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District discusses issues with new track surface, approves budget

The Hiawatha School Board met Monday night and among discussion items was issues with bubbles forming in the surface of the new track at the high school stadium.

The board met at the Hiawatha Middle School library and the meeting was aired via Zoom conference and YouTube, with the link published on the district’s Facebook page and in the agenda.

The track was resurfaced in the summer of 2018 at a cost of around $900,000. Bubbles have formed in several areas — some disappeared as concrete under the surface settled, but a few remain.

Chris Morey, district maintenance coordinator, told the board Monday night that he had been in contact with the contractors who installed the new track and they felt the issue was due to drainage.

Morey said that the previous track had a small concrete curbing along the north side — or close to where the visitor’s seating is located and that kept water from draining onto the track. When the new track was installed, the curbing was not included and so water comes down the hill and drains onto the track.

“They are willing to fix the bubbles, but want us to address the drainage issue,” Morey said.

Morey advised the board that he could contact a contractor to get bids on installing curbing along the north side to prevent water drainage. He said small equipment would need to be used so as to not tear up the area. He said he also had discussed with Maple Wood Lawn — who cares for the football field — to adjust the nozzles from irrigation of the field so water does not just settle on the track. He said the irrigation is set for a half inch of water twice a week.

Morey said he would have someone take a look at the track and determine timeline and costs for fixing it.

In other district facility news, the board discussed the elementary school parking lot. Morey told board members that no bids for concrete work came in to meet the school’s timeline. He said he could look into ordering forms for the parking, but recommended pushing back the remainder of the project to next summer. The county was also unable to complete a chip and seal on the parking lot due to staffing issues, he said. Board members agreed that pushing back the remainder of the project until later next spring might be the best solution.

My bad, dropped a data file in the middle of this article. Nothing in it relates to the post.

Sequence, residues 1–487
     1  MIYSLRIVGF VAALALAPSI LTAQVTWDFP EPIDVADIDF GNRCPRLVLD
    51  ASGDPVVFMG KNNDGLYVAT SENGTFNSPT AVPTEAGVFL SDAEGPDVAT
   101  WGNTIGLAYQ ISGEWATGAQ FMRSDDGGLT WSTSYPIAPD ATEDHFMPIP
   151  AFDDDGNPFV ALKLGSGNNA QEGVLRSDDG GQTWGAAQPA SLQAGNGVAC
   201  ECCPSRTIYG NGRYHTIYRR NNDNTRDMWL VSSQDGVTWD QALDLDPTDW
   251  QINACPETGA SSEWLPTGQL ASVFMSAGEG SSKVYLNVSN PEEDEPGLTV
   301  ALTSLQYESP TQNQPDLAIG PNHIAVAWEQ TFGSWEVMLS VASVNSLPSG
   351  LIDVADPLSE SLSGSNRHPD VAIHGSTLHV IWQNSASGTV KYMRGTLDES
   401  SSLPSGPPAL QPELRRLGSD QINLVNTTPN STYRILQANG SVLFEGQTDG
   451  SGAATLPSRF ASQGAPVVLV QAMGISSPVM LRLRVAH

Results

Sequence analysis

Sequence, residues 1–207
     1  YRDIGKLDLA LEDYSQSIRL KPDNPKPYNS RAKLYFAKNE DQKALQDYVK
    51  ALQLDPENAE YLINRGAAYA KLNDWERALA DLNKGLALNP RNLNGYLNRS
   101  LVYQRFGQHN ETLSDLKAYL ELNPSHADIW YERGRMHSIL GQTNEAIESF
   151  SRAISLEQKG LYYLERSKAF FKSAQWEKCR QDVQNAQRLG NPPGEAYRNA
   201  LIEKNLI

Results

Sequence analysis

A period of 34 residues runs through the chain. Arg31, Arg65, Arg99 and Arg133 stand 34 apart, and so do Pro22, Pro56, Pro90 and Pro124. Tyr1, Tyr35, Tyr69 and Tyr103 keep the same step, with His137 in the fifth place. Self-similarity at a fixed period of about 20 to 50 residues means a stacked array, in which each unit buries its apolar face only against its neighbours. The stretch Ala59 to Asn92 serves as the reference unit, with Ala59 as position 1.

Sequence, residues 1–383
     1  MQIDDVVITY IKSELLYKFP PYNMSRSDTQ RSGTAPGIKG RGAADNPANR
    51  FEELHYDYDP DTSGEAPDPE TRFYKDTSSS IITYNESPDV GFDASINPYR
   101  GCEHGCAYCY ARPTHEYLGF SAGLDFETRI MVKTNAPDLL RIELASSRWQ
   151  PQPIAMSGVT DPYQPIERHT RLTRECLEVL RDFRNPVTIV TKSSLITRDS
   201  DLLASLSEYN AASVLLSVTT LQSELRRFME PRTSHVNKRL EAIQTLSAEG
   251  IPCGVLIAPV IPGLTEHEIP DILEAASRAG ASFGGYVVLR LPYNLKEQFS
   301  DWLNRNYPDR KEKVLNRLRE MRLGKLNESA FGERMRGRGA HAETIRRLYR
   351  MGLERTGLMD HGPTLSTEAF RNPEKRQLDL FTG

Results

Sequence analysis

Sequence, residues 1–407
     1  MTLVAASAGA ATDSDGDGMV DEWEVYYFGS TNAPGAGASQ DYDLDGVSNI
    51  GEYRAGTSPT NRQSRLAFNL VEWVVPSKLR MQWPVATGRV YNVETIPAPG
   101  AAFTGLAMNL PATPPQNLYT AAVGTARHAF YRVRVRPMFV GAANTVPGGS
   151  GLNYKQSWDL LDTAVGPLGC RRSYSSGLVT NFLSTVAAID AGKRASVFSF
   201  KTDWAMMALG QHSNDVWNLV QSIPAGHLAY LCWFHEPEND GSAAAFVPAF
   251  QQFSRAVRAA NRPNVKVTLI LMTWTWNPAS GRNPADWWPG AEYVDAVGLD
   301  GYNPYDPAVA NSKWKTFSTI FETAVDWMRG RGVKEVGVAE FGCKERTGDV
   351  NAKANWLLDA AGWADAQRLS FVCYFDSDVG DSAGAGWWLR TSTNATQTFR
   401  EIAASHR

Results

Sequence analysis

Morey also informed the board that some of the ordered supplies for disinfecting once school was back in session had arrived, but some items were on back order, including backpack sprayers for disinfectant. He said the sprayers were up to 3 months out for delivery and told the board he had reached out to another company, who said a month to 6 weeks for delivery. Custodial staff is also working on protocol for cleaning buildings every 2-3 hours.

In other business:

Following a public hearing, the school board approved the 2020-21 budget for $17.291 million with a tax rate of 48.353 — slightly down from last year’s mil levy of 49.475, as valuation within the county has increased.

The budget for the 2019-20 academic year was $16.173 million.

An increase in state aid led to an increase in the General Fund, Supplemental General Fund, and At-Risk Funding. The district saw an increase in federal funds due to the CARES Act for COVID-19 relief and related expenses.

However, Superintendent Lonnie Moser said that due to concerns with COVID-19 that enrollment was not something that could be counted on as some families may choose their own home school curriculum and funding could become an issue, depending upon final enrollment numbers.

The board approved a revised calendar that included adding 5 minutes to every school day and taking away a Sept. 21 professional development day to be a student day. He said very limited snow days were built in, but with plans for remote learning available this year that would make snow days less necessary. Moser said this would enable the school year to end prior to Memorial Day and still meet state guidelines.